CAVANAUGH: Well, we’ll hear a couple more of them in just a moment but right now I’d like – if you could tell us the story that’s included in your book about Lorena Weeks of Georgia. It was one of the first cases that was taken on by the National Organization for Women, about enforcement of the Equal Employment Opportunities Act. And I’m wondering, because I think that her story is so indicative of the preconceptions, the casual preconceptions, that were just part and parcel of the culture back then.
COLLINS: Yeah, she was a lovely – she’s still around. She was just the best person to interview. And I do find that so many of these women who do just incredible work in fighting for their rights are women who come from – often from the south and from working class back – families who really know that women have to work and who just don’t have any illusions about that. And Lorena was a poor young woman. She had raised her brother and sister after her parents died. She worked as a waitress and then she got married and she and her husband desperately wanted to send their kids to college and he was a – worked for the phone – I think as a mailman, and she worked for the phone company and they were always looking for ways to make more money. And a new job opening came up for something called a router, which basically involved being in an office and making sure the equipment was moving along, and she was pretty sure she could do that. She was a clerk at the time. She applied for it and her boss told her that women weren’t accepted for that job; it was a man’s job. And she went to her union and her union told her that was a breadwinner’s job and she wasn’t a breadwinner. And then she saw a sign for the Equal Opportunity Commission saying if you think you’re discriminated against, you can file a suit. So she wrote to them and they investigated and they – the company said, well, no, there’s a law in Georgia that says that a woman can’t lift anything more than 30 pounds on the job, and this router business has a 35 pound thing that you carry around. And she said, well, no, it’s on a dolly, you can just push it.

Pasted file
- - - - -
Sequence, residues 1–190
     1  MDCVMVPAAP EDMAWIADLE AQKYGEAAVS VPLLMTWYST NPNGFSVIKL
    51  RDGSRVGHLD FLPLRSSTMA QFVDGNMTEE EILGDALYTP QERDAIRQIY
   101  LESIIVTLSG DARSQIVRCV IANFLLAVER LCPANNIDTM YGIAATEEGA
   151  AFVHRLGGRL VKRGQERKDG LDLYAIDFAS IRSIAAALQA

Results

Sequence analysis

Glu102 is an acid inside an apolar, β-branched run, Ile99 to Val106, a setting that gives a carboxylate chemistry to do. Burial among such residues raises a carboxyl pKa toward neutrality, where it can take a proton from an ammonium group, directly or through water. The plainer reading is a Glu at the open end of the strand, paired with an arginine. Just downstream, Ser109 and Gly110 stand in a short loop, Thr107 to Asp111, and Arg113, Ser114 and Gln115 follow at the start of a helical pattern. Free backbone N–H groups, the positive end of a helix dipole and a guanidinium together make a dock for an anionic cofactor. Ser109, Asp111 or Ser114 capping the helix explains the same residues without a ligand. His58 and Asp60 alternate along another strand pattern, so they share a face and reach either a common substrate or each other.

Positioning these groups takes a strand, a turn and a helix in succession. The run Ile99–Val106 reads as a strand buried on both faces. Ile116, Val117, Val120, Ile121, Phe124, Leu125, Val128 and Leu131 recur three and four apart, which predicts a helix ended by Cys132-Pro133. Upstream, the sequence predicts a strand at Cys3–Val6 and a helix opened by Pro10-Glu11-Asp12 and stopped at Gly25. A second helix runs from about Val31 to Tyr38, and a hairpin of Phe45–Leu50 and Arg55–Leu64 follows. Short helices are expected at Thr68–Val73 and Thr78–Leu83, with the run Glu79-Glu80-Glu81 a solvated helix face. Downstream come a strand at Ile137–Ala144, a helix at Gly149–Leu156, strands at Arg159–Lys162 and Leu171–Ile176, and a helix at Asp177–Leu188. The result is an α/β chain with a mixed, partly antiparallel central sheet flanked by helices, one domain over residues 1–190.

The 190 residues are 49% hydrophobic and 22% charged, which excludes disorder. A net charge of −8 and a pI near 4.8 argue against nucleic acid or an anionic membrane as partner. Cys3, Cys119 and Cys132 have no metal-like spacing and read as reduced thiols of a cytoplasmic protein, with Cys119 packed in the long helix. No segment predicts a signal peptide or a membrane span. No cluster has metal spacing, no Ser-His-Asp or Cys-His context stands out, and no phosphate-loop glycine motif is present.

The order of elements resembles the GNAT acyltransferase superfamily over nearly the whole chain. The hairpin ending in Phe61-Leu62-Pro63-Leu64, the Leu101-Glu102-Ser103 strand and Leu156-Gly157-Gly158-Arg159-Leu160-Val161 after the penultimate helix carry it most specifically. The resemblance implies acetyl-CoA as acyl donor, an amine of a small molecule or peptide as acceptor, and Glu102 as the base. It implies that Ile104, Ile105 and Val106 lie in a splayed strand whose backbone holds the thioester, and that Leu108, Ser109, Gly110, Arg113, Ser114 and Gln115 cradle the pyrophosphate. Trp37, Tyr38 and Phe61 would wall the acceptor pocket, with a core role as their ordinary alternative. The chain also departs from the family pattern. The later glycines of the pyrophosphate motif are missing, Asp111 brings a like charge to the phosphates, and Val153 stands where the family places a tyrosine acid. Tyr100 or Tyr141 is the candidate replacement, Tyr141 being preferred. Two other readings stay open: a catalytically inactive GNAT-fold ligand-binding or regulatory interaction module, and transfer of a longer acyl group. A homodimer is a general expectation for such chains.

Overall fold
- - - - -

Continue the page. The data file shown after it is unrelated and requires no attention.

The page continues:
COLLINS: And my typewriter is 40 pounds. And – But they had no – So she stopped moving her typewriter and then they got very angry and she was frightened and she went to NOW and she filed a suit and the suit went on for several years during which she was one of those women who just pursued what she thought was right even though nobody thought it was a good idea. Her husband was sort of dismayed. Her children didn’t understand what was going on. Her neighbors thought it was weird. Her co-workers were very upset. But she just went at it and finally she won the case and she told me, you know, she got the job. Her children all went to college. One of them is the tax commissioner in her town now and when she went to apply for Social Security in her little town, the woman at the desk said, I have never seen a salary for a woman of this size before.
COLLINS: It was just – And she’s just there today. And she’s still just very proud and very happy.
CAVANAUGH: You know, Gail, I think one of the most shocking aspects of your book, “When Everything Changed,” is the reminder of the dismissive tone that was routinely adopted against women. I’m thinking about the TV host David Susskind who said about Gloria Steinem, you feel like kissing her and hitting her. Now that kind of language would get someone in a lot of trouble these days.
COLLINS: Yeah, you could really just about say anything you wanted. I mean, frequently in law schools when the – if you had women in your class, they generally early on weren’t allowed to speak, they were supposed to just sit there. They weren’t usually called on. And then there would be one day they would call ‘women’s day,’ which was a story I heard from a number of women from different schools. And on women’s day, only women were called on in class and a couple of the women said, and that was the day they always talked about rape classes – rape cases…